A New Paradigm In User Equilibrium - Application In Managed Lane Pricing

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A New Paradigm In User Equilibrium - Application In Managed Lane Pricing

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Title: A New Paradigm In User Equilibrium - Application In Managed Lane Pricing
Author: Sinprasertkool, Asapol
Abstract: Ineffective use of the High-Occupancy-Vehicle (HOV) lanes has the potential to decrease the overall roadway capacity during peak periods. Excess capacity in HOV lanes during peak periods can be made available to other types of vehicles, including single occupancy vehicles (SOV) for a price (toll). Such dual use lanes are known as "Managed Lanes." The main purpose of this research is to propose a new paradigm in user equilibrium to predict the travel demand for determining the optimal fare policy for managed lane facilities. Depending on their value of time, motorists may choose to travel on Managed Lanes (ML) or General Purpose Lanes (GPL). In this study, the features in the software called Toll Pricing Modeler version 4.3 (TPM-4.3) are described. TPM-4.3 is developed based on this new user equilibrium concept and utilizes it to examine the various operating scenarios. The software has two built-in operating objective options: 1) what would the ML operating speed be for a specified SOV toll, or 2) what should the SOV toll be for a desired minimum ML operating speed. A number of pricing policy scenarios are developed and examined on the proposed managed lane segment on Interstate 30 (I-30) in Grand Prairie, Texas. The software provides quantitative estimates of various factors including toll revenue, emissions and system performance such as person movement and traffic speed on managed and general purpose lanes. Overall, among the scenarios examined, higher toll rates tend to generate higher toll revenues, reduce overall CO and NOx emissions, and shift demand to general purpose lanes. HOV preferential treatments at any given toll level tend to reduce toll revenue, have no impact on or reduce system performance on managed lanes, and increase CO and NOx emissions.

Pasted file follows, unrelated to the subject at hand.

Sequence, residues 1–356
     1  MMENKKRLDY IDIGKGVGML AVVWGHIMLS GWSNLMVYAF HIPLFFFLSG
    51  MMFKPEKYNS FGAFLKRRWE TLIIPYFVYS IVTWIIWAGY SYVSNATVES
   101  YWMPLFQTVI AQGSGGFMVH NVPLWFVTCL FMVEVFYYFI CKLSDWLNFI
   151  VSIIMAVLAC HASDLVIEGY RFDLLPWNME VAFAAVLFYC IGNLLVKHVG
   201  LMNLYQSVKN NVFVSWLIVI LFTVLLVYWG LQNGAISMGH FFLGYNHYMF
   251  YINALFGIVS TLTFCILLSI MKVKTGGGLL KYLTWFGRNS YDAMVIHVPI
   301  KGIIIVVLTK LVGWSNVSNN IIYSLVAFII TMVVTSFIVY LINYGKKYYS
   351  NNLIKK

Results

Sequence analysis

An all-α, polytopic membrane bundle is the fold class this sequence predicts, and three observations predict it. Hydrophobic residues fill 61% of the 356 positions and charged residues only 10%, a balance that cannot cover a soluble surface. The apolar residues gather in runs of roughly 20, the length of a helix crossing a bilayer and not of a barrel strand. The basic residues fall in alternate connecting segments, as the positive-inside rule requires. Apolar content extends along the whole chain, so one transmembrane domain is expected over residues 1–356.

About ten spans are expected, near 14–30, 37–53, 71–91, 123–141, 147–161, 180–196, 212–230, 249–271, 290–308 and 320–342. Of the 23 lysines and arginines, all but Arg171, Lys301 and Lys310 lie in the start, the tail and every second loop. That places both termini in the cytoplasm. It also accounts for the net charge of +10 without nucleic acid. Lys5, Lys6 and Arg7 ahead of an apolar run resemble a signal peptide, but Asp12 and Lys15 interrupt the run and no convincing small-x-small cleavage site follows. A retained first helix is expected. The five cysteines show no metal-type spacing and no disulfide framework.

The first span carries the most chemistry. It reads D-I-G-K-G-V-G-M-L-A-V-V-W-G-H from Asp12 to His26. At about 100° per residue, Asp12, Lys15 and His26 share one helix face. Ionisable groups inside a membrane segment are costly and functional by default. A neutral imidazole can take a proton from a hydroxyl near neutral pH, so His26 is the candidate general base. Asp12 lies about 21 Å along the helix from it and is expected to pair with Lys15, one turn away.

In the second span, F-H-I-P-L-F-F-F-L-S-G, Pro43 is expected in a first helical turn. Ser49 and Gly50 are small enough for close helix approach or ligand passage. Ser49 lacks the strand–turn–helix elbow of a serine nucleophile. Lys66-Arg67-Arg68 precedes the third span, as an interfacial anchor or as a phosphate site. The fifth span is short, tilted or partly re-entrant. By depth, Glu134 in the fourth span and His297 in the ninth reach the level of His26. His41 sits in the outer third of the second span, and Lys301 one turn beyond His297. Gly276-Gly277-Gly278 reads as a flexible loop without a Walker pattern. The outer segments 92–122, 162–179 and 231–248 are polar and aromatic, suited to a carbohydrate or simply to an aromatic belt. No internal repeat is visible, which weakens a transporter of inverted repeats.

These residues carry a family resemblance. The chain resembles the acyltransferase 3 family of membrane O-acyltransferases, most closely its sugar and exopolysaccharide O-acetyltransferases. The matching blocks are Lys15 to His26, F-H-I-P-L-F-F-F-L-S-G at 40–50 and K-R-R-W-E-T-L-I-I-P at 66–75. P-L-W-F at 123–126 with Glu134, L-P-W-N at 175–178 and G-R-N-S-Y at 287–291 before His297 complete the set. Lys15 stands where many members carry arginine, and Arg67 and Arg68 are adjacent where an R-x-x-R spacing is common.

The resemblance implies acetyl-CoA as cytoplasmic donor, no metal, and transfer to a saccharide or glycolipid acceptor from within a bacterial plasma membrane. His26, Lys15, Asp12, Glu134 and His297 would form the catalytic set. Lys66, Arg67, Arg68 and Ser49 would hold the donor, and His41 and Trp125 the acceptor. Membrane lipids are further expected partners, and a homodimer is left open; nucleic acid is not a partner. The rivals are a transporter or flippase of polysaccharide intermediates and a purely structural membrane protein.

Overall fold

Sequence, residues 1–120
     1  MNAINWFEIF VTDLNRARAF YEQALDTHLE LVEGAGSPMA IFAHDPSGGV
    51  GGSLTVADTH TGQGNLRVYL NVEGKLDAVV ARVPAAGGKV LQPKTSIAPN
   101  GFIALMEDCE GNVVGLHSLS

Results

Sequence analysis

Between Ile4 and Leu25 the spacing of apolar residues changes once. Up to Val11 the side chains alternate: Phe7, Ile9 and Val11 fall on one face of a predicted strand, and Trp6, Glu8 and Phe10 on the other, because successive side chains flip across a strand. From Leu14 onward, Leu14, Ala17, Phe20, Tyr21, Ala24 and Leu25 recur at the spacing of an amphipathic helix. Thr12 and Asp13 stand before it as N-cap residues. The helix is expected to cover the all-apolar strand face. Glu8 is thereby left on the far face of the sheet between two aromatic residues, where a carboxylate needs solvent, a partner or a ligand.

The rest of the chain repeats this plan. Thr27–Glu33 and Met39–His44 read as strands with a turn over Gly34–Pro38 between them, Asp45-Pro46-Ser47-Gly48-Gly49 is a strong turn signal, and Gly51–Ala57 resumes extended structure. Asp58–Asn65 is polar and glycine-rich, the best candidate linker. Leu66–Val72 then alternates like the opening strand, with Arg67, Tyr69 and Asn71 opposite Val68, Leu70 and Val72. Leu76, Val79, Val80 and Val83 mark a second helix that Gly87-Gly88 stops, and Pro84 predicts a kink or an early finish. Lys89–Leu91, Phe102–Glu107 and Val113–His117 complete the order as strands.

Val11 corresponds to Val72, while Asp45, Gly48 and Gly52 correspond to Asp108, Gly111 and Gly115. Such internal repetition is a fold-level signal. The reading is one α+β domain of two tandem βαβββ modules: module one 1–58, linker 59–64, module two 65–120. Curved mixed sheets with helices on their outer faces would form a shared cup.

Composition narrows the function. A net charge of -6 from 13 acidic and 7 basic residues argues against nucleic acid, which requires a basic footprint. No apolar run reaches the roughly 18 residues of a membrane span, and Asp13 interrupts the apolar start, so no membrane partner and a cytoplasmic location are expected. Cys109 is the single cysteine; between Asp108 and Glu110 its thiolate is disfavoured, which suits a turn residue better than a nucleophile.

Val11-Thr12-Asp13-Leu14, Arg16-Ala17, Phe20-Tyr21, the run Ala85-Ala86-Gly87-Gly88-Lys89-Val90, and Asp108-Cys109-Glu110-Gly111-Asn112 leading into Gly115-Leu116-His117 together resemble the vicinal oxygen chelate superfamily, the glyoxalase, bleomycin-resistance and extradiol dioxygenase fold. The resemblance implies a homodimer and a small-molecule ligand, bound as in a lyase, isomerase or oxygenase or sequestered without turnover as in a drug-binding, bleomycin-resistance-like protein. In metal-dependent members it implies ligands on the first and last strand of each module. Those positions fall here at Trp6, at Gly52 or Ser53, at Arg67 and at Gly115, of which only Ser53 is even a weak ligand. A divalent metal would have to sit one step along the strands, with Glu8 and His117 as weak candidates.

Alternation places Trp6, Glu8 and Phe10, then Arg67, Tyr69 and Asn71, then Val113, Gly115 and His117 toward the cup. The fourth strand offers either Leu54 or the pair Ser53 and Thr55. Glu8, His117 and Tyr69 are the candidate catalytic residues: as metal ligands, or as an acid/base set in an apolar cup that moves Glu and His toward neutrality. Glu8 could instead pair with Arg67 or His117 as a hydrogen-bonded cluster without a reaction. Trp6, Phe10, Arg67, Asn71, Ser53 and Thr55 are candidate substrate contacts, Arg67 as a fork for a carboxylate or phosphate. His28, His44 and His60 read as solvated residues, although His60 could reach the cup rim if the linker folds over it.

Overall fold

Date: 2010-03-03
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